Agriculture Spending Coming Into Focus in Next Few Days
October 13th, 2011
The Senate may begin consideration of the agricultural appropriations bill on the floor today, even while the House and Senate authorizing committee readies their letter, due tomorrow, to the Joint Select Committee on Deficit Reduction detailing proposed cuts to farm bill mandatory spending.
According to published reports, the size of the proposed 10-year cut to farm bill programs is in the neighborhood of $23 billion, or about half way in between the higher amount proposed by the President and the lower amount that would result from the “sequestration” process that will kick in if the deficit reduction measure to be voted on by Christmas fails to pass.
The appropriations measure — which may go to the floor today but will not be finished until next week — includes a nearly $200 million reduction below the already very low fiscal year 2011 funding level. On top of that overall cut to discretionary farm, food and rural spending, the bill also cuts 12 percent or nearly $700 million from mandatory farm bill conservation program spending. The companion House-passed measure cuts the farm bill programs by over $1 billion. Appropriators raid farm bill accounts through legislative riders and often rely on this mechanism whenever the allocation given to them to fund the programs under their jurisdiction is shorted.
Conservation Community Weighs In
Yesterday, NSAC joined with 47 other organizations in writing to the Joint Select Committee and Agriculture Committees urging them to recognize the huge cuts already made to farm conservation programs and to leave them out of the mix in any further reductions in the deficit reduction package. Signers of that letter included the Agricultural Retailers Association, Ducks Unlimited, National Farmers Union, Environmental Defense Fund, National Association of Conservation Districts, and National Association of State Foresters.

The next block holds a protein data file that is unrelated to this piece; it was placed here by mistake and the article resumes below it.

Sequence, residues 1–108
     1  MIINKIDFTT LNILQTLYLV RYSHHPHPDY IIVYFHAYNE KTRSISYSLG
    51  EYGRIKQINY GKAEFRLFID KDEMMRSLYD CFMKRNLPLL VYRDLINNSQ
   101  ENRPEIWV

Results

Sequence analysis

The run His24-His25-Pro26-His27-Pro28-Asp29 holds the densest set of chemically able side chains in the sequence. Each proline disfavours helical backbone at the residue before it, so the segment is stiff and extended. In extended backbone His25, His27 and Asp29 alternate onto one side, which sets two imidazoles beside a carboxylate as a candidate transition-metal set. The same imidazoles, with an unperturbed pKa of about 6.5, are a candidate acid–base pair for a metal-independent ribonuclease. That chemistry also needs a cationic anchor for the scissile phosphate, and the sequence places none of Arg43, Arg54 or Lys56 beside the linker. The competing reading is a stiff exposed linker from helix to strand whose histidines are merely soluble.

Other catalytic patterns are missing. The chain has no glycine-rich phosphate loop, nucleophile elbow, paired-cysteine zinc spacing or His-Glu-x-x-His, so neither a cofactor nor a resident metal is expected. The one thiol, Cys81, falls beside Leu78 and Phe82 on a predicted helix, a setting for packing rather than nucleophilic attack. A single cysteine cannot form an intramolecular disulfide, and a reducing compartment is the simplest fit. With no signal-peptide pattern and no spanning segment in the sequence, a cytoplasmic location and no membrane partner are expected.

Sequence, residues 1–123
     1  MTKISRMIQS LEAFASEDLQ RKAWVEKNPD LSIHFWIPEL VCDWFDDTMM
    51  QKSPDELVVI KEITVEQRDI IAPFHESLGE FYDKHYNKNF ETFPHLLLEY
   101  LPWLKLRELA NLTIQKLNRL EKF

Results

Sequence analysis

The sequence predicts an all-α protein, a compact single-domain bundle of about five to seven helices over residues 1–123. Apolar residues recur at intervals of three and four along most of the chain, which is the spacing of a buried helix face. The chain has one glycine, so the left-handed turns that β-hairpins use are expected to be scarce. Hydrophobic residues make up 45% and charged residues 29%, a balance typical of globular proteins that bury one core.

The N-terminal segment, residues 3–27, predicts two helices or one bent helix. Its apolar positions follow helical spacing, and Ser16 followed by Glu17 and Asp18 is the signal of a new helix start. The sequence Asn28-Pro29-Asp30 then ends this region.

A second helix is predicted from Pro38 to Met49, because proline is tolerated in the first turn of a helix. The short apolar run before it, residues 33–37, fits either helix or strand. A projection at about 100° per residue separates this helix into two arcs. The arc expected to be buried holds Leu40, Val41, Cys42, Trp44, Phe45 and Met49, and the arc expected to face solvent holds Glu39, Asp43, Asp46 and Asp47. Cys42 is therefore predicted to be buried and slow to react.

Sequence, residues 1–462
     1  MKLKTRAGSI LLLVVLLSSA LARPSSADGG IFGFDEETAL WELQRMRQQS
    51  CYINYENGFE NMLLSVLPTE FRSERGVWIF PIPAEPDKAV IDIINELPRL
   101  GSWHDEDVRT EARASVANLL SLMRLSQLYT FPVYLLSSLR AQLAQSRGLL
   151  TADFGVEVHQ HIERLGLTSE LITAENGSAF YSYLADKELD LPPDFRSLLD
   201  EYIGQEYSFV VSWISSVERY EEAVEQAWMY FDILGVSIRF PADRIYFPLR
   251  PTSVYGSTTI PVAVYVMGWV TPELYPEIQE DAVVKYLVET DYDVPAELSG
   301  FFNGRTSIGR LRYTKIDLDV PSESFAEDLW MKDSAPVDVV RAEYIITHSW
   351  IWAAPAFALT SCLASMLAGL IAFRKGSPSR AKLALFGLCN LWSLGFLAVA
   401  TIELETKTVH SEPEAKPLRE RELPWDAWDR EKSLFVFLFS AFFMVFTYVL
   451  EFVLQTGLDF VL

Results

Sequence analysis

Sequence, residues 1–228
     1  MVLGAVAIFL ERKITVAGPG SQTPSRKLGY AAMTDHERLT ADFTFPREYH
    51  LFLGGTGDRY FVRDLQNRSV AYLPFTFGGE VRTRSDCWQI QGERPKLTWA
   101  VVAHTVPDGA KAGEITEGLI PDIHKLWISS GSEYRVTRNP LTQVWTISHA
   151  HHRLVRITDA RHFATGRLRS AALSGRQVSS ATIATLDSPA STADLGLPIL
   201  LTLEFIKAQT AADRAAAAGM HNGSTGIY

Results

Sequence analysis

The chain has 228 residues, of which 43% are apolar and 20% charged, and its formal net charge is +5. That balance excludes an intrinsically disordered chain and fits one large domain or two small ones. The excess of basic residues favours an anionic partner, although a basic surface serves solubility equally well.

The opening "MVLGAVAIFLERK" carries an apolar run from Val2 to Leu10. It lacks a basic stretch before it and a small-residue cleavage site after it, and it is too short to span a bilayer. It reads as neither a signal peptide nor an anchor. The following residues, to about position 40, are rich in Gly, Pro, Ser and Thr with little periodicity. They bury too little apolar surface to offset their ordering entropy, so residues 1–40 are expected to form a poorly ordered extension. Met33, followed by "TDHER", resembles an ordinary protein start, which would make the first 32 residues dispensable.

Two other conservation letters also went up to the Hill this week and NSAC was a signatory to those as well. One signed by 45 organizations concerned about saving grasslands and protecting wildlife habitat urged the Agriculture Committees and the Joint Select Committee to re-establish conservation compliance requirements for all forms of farm production support including crop insurance and to maintain funding for working lands and easement programs that help protect grasslands. It was signed by the National Wildlife Federation, National Audubon Society, Theodore Roosevelt Conservation Partnership, and many others.
Another letter came from state water utility groups and also urged support for farm conservation program funding to help improve water quality, pointing to the role of conservation programs in saving state and local funding for far more expensive clean-up efforts that are necessary in the absence of farm pollution prevention measures. Signing that letter include, in addition to NSAC, the American Water Works Association, Association of Metropolitan Water Agencies, Association of Public Works Agencies, and the National Association of Clean Water Agencies.